Friday, 30 September 2016

Ari Afilalo- Exiled Sephardic Communities And Their Culture.



Sephardism is defined as a literary political metaphor which has been used by the cultural personalities and Jewish writers to express themselves and their views about the minorities and the dissidents in the world today. This term has been used by different authors from varied nationalities, religions and ethnicities from Europe, North Africa, America and many other parts of the globe.

The philosophy and logic of Sephardism dwells on the fact why Jewish and Gentile thinkers and writers have drawn Sephardic experience of the medieval era to express their discernments about the role of minorities in the modern world. In Europe, the exiled sephardic communities were largely founded in Venice, Leghorn, Hamburg, Bayonne, Bordeaux and London.

They originally spoke Spanish and Portuguese and later on adapted Western European culture. One of the most successful enterprises were started by Sephardic people. The Sephardic Jews were treated as the crème de la crème of the society during the medieval era in Europe and were known as a very prosperous community with secular education.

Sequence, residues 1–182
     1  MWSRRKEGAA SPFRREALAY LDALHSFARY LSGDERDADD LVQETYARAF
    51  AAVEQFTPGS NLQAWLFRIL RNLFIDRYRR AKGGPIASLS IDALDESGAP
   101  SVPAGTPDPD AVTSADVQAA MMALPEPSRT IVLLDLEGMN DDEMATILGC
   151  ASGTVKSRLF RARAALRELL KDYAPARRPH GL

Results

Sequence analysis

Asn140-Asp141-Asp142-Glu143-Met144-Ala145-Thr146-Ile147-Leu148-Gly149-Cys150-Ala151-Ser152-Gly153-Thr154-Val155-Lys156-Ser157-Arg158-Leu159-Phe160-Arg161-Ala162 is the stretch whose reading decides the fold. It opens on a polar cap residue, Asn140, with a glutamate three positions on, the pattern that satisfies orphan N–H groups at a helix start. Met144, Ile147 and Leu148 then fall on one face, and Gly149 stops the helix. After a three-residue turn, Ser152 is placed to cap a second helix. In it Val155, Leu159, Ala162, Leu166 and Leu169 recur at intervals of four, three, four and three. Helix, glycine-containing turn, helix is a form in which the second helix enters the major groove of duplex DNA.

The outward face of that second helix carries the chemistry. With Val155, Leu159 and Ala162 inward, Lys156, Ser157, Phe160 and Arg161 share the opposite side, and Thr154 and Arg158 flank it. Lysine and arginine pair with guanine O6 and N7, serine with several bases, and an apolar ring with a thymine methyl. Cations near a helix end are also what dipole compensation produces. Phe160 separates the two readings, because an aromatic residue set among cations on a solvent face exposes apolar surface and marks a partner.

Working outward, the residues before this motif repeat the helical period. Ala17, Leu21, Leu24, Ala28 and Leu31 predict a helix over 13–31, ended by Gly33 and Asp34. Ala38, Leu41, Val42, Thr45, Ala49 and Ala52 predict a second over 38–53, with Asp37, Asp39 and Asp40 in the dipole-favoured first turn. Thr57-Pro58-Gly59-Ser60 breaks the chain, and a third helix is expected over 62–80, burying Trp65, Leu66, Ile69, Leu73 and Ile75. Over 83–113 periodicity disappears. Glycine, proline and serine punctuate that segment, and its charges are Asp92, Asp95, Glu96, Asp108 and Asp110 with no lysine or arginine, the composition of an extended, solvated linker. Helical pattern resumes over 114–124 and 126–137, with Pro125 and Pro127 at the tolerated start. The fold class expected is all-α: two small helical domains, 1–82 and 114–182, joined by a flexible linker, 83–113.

For centuries, Sephardic Jews lived as Dhimmis keeping peace with the muslim countries and the rulers of the Ottoman Empire and N. Africa. They were a privileged race there and were still allowed to worship their own religion and even take part in business. And the upper class Sephardic Jews were employed as translators in the Ottoman Empire.

Comparative to their European counterparts, the Sephardic Jews in the Arab countries were leaning more towards the modernity. In North Africa, the Zionist movement became popular and there was great support from Sephardic Rabbis from the Ottoman Empire and this movement expanded to Muslim nations such as Tunisia, Egypt and other countries of North Africa.

Ari Afilalo is a part of Sephardic Synagogue at the west side of the New York City and loves to analyse the literature and writings of Sephardic homilist and philosophers. He is a member of the French Moroccan community in the New York region. 

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